{[ promptMessage ]}

Bookmark it

{[ promptMessage ]}

Problem Set 6 Solutions

Problem Set 6 Solutions - CSE 21 Solutions Problem Set 6...

Info icon This preview shows pages 1–2. Sign up to view the full content.

View Full Document Right Arrow Icon
CSE 21: Solutions - Problem Set 6 1. X Y Pr ( X, Y ) 1 0 . 1 2 0 . 04 Y = 1 1 0 . 2 0 . 5 1 0 . 06 root 0 . 6 0 . 2 0 . 2 2 0 . 1 0 . 6 2 0 . 36 Y = 2 3 0 . 4 0 . 4 1 0 . 08 2 0 . 08 Then Pr ( Y = 1) = 0 . 1 + 0 . 06 + 0 . 08 = 0 . 24 Pr ( Y = 2) = 0 . 04 + 0 . 36 + 0 . 08 = 0 . 48 2. (a) CS21E, CS12E, SC21E, SC12E, E12CS, E21CS, E12SC, E21SC; (b) AAA, AABA, AABBA, AABBB, ABAA, ABABA, ABABB, ABBAA, ABBAB, ABBB. 3. (a) a + b - 1 (from lecture). (b) If we merge a and b first, we need a + b - 1 comparisons, and we get a list of length a + b . Then we merge this longer list into c , which requires ( a + b ) + c - 1 comparison. The total number of comparisons is ( a + b - 1) + ( a + b ) + c - 1 = 2 a + 2 b + c - 2 = 2( a + b + c - 1) - c. Note that, if we firs merge b and c , the number is 2( a + b + c - 1) - a ; if we first merge a and c , the number is 2( a + b + c - 1) - b . So, the best way is to merge two shortest lists first. Therefore, our answer is 2( a + b + c - 1) - max { a, b, c } . (c) For this part, it’s hard to derive a precise calculation for general k . Here we assume that k has the form 2 m , i.e., dividing k by 2 many times still gives us an integer. This assumption is often made in analysis of complexity of algorithms where people only care about asymptotic efficiency.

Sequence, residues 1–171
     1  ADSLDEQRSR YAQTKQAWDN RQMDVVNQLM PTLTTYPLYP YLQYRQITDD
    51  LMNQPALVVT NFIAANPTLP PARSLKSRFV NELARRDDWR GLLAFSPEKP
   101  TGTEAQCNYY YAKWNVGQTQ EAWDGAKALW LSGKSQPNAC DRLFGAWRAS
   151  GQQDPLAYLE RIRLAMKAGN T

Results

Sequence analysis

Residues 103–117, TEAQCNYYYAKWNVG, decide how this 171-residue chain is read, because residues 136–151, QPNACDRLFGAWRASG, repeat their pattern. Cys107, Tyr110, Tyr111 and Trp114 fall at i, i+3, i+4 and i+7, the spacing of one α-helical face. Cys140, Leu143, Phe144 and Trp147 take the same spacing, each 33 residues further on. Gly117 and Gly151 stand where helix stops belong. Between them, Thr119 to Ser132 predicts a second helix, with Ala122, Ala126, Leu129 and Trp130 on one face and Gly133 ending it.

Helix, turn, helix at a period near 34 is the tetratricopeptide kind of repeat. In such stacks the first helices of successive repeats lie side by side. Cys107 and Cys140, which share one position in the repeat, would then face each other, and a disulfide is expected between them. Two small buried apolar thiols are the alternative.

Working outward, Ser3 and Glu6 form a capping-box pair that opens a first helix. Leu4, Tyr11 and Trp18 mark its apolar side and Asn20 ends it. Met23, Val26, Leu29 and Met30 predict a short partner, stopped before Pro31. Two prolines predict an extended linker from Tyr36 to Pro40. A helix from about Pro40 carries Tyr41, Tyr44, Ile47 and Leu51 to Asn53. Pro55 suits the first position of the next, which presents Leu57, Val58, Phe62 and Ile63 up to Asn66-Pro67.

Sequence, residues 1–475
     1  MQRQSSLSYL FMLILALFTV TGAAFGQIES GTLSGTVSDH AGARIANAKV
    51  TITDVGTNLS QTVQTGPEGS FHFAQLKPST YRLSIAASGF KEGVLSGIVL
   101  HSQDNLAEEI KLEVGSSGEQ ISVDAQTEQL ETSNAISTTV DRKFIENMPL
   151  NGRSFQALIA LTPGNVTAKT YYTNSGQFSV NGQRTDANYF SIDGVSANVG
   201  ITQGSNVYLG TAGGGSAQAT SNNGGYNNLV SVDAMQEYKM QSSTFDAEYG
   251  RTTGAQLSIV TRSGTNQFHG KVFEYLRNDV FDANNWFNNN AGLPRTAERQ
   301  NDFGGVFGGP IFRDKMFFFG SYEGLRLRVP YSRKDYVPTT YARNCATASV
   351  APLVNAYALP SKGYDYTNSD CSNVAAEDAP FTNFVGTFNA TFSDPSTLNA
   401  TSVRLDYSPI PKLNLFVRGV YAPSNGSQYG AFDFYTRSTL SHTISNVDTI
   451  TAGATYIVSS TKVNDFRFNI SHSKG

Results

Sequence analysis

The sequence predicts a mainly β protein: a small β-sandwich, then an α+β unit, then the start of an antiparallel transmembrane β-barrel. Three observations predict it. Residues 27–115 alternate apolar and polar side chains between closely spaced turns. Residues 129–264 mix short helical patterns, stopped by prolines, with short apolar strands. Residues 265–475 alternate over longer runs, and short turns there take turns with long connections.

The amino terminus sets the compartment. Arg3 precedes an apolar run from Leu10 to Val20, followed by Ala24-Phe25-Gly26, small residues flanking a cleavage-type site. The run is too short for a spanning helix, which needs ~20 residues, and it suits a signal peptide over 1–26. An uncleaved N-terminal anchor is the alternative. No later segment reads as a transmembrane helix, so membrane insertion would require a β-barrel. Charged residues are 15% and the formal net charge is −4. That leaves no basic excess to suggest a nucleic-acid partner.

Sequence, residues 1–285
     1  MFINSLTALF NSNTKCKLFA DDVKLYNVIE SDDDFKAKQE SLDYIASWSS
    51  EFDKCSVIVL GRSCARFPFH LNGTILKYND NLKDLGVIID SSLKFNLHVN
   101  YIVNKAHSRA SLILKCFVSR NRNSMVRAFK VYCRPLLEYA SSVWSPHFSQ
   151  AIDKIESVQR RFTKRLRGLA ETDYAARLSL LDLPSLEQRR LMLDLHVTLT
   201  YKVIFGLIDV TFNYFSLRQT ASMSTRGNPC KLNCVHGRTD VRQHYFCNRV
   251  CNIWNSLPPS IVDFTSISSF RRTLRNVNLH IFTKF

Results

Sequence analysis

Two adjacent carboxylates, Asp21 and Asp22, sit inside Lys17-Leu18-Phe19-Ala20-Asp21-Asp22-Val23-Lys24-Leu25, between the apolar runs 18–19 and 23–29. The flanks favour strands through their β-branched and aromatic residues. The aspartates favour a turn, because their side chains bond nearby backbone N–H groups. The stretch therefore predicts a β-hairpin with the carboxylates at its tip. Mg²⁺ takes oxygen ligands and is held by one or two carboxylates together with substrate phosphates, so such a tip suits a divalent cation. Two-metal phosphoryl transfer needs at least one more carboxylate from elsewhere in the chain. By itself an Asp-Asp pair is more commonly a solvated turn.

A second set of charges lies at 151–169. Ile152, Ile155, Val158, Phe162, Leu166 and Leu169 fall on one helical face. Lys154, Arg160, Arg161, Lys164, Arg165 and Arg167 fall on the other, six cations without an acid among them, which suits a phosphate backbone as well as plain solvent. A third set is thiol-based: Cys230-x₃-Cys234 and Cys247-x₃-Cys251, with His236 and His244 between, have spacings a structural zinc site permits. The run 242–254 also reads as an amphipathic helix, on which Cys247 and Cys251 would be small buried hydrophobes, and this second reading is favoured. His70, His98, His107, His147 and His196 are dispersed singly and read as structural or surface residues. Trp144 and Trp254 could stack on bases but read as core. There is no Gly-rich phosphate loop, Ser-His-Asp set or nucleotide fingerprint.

Image of page 1

Info icon This preview has intentionally blurred sections. Sign up to view the full version.

View Full Document Right Arrow Icon
Image of page 2
This is the end of the preview. Sign up to access the rest of the document.

{[ snackBarMessage ]}

What students are saying

  • Left Quote Icon

    As a current student on this bumpy collegiate pathway, I stumbled upon Course Hero, where I can find study resources for nearly all my courses, get online help from tutors 24/7, and even share my old projects, papers, and lecture notes with other students.

    Student Picture

    Kiran Temple University Fox School of Business ‘17, Course Hero Intern

  • Left Quote Icon

    I cannot even describe how much Course Hero helped me this summer. It’s truly become something I can always rely on and help me. In the end, I was not only able to survive summer classes, but I was able to thrive thanks to Course Hero.

    Student Picture

    Dana University of Pennsylvania ‘17, Course Hero Intern

  • Left Quote Icon

    The ability to access any university’s resources through Course Hero proved invaluable in my case. I was behind on Tulane coursework and actually used UCLA’s materials to help me move forward and get everything together on time.

    Student Picture

    Jill Tulane University ‘16, Course Hero Intern